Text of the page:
The number-one distributor in the Christian market seems to have put its recent problems behind it: comments about current relations with Spring Arbor were uniformly positive. Displaying a higher profile at the show was Anchor Distributors, a unit of Whitaker House Publishers, which trumpeted its position as "the fourth largest distributor in the Christian industry," according to Amy Sackett, territory manager. In the wake of the problems generated by Ingram's acquisition of Spring Arbor and a subsequent flap over charges for returns and restocking levied by number-two distributor Riverside, Anchor has moved aggressively in the past few years to positioned itself as "the alternative," according to show literature that states, "It's time for a change," and asks, "Where can you put your trust?" Riverside has since withdrawn the charges and ran ads in the CBA Connection, the show daily, that offered "no payments until 2001 on qualified orders." It seems clear there will be more jockeying and intensifying competition in distribution in the coming months. In another new development, the International Marketplace, established at the Dallas convention three years ago and on the show floor for the first time this year, was opened to U.S. retailers on the final day of the show.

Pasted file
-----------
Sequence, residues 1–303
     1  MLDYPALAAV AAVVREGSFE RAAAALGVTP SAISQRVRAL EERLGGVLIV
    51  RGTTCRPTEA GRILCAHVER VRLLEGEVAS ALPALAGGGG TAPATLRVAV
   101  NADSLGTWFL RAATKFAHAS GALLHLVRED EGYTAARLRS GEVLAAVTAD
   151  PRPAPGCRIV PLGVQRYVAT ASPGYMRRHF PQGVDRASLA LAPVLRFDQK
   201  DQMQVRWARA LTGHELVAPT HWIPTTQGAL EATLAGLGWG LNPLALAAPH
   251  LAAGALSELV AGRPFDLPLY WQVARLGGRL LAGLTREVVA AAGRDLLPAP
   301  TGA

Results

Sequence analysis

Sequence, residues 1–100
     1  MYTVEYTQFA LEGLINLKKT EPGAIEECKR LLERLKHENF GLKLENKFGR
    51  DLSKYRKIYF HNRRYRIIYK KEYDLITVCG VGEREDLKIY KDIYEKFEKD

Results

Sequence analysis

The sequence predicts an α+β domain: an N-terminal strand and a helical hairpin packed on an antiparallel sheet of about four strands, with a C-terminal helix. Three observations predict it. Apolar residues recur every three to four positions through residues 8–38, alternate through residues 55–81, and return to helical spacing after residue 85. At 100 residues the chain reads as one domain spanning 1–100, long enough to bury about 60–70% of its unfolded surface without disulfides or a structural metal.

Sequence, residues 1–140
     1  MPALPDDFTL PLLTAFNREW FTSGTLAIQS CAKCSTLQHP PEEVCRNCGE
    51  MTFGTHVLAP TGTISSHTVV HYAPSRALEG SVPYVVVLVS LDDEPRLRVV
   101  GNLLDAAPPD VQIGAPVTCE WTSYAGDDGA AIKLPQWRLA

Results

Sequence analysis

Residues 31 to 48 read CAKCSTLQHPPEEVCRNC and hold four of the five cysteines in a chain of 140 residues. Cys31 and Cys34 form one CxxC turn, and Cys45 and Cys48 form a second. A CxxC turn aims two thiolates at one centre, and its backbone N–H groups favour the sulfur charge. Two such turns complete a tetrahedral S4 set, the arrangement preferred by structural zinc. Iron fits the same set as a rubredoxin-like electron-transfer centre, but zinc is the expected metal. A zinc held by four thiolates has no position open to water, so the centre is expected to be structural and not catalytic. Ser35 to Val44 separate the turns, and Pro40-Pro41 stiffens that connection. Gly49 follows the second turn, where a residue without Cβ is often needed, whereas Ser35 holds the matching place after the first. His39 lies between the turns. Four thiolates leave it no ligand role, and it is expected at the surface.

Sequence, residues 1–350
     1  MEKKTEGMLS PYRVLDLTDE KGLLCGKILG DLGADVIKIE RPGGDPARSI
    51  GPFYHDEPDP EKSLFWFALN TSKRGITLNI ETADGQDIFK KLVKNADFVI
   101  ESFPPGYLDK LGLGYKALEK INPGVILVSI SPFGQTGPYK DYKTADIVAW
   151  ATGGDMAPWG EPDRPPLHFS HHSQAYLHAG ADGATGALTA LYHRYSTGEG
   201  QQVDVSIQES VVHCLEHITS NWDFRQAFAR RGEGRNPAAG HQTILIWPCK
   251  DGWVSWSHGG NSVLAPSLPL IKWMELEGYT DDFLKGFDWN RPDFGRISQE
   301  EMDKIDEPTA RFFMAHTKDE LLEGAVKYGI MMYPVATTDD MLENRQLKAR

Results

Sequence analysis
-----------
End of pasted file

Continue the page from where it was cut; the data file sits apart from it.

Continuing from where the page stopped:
There was also lots of buzz about "e." Last year, e-commerce was the hot button, and both FirstNet Christian and the Parable Group have ramped up the e-commerce capabilities of their Web-hosting services for bookstores. FirstNet (owned by Riverside) now provides hosting for 120 client stores, at a cost of $25 per month. Parable now hosts 80 stores, a number expected to rise to 100 by year's end, for a onetime fee of $495. This year, new online projects revolved around B2B sites. FirstNet is offering fee-free hosting for stores that use its B2B site, and Parable touted its MemberNET B2B site, free to all Parable members.
The next "e" on the agenda is CBA Expo, moved this year from Nashville to Louisville, Ky., January 28-February 3.